Isolating Active HSRP on both sites.
You have been several to ask about details on the HSRP filtering configuration as discussed in the LISP IP Mobility article (23 – LISP Mobility in a virtualized environment), so here below is a short description of the configuration. And thanks to Patrice and Max for they help validating this configuration.
FHRP isolation is required only with LAN extension. It comes with two flavours:
- It works in conjunction with any Ingress path optimisation techniques such as LISP IP Mobility or LISP IGP Assist or intelligent DNS (GSLB) or SLB Route Health Injection tools or even a manual setting (e.g. changing the metric for a specific route). Whatever solution is used to redirect the traffic from the end-user to the location supporting the active application, in order to be really efficient and to eliminate the “tromboning” workflows, the egress traffic must be controlled to use the same WAN edge gateway as the Ingress traffic as described in this note 15 – Server to Client traffic.
- Although it depends on the distance between remote DC’s, usually it is recommended to move the whole software framework when migrating an application from one site to another, still to reduce as much as possible the “tromboning” workflow impacting the performances. In short do migrate the Web-tier with its Application and Data-base tiers, all together. As the server to server (tier to tier) traffic imposes that the same default gateway is used wherever it is located, the way to prevent the traffic to return to hit the original Default gateway is to duplicate the same gateway on each site. This is also described here 14 – Server to Server Traffic. However due to the VLAN extended between site for the it is mandatory to filter the handshake protocol (HSRP Multicast and vMAC) between gateways belonging to the same HSRP group.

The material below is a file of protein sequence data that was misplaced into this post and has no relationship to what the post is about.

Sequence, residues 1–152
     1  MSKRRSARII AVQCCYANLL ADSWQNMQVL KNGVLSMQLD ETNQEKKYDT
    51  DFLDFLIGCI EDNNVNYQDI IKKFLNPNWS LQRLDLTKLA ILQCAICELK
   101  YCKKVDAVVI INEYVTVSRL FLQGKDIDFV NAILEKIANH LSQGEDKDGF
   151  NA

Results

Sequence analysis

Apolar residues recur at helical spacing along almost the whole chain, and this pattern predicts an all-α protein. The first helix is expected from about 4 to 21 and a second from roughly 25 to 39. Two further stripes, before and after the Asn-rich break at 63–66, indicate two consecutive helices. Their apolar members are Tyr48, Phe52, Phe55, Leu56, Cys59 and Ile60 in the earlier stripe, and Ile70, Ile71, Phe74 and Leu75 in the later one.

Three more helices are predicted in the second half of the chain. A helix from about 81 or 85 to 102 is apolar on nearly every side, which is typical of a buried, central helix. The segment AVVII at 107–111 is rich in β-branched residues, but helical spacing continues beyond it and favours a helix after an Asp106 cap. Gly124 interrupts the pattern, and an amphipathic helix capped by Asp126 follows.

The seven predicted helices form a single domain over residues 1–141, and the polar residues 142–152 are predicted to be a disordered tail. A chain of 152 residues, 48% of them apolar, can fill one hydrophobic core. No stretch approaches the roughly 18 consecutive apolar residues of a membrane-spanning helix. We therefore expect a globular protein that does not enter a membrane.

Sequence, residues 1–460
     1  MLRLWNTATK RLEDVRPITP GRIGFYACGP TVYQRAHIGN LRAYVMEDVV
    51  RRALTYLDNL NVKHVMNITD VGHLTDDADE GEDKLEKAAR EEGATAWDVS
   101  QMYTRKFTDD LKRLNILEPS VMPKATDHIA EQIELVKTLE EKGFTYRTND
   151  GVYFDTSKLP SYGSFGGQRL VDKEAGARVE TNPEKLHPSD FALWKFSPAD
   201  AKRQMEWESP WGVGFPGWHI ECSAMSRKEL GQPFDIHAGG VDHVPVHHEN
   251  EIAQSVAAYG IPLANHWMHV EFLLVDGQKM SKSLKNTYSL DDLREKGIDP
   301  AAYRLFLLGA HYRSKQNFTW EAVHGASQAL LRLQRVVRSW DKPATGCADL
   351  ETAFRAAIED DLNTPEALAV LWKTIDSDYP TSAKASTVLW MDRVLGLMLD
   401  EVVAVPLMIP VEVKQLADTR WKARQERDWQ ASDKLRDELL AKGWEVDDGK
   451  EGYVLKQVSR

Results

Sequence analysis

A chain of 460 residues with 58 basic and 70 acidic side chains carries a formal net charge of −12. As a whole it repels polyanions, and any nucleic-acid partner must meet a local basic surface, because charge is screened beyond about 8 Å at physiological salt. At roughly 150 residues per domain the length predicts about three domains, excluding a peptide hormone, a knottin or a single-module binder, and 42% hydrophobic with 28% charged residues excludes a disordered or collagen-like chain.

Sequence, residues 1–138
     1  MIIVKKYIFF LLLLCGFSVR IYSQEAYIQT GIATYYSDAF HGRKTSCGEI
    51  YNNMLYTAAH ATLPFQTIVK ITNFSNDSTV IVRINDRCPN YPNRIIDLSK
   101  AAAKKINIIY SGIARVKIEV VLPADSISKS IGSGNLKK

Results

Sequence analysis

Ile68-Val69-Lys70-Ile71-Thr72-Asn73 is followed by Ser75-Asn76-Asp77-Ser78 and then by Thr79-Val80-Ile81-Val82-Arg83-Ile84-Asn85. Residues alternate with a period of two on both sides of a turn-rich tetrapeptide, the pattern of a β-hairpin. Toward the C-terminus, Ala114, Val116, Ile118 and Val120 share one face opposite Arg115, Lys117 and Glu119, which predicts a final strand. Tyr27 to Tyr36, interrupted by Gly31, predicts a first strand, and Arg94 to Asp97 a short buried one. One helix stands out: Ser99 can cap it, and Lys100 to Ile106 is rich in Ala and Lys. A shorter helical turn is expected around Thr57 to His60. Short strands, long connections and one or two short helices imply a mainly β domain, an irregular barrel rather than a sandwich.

In our previous example with LISP IP mobility we used CSR 1000v as default gateway inside each tenant container.
Both CSR 1000v distributed on each site offer the same Default Gateway to the server resources; hence to be both active on each site it is mandatory to filter out HSRP Multicasts and vMAC between the two locations.
This filtering setup is initiated on the OTV VDC
- Create and apply the policies to filter out HSRP messages (both v1 and v2). This config concerns VLAN 1300 and VLAN 1300 for the following test with LISP, however additional VLAN (or range) can be added there for other purposes.
- Configure ARP filtering to ensure ARP replies (or Gratuitous ARP) are not received from the remote site
- Apply a route-map on the OTV control plane to avoid communicating vMAC info to remote OTV edge devices. Indeed OTV uses a control plane to populate with its Layer 2 local MAC table, each remote OTV edge devices. This MAC table being built from its regular MAC learning, it is important that OTV doesn’t inform any remote OTV Edge device about the existence of this HSRP vMAC addresses as it exists on each site.HSRP and Nexus 1000v
By default the Nexus1000v implements a loop detection mechanism based on the source and destination MAC addresses. Any duplicate MAC addresses between the vEthernet interface and uplink ports will be dropped.
Thus in case of redundant Layer protocol such as HSRP enabled on the upstream virtual routers (e.g. CSR 1000V), it is critical to disable the loop detection on the vethernet interfaces supporting the redundant protocol.
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HSRP filtering – Quick check
App1 (10.17.0.14) is currently located in DC-1 sitting on top of VLAN 1300 where CSR-106 is its local default gateway
App1 pings continually a loopback address located somewhere to the outside of the world. The show command of the outbound interface on the local CSR-106 shows the rate of 1 packet per second as expected while the CSR-103 on remote site doesn’t treat any packet.
Live Migration happens through OTV, moving App1 to DC-2 using vCenter.
Counters show the new local CSR-103 on DC-2 taking over the default gateway for the App1 on VLAN 1300
6 Responses to 24 – Enabling FHRP filter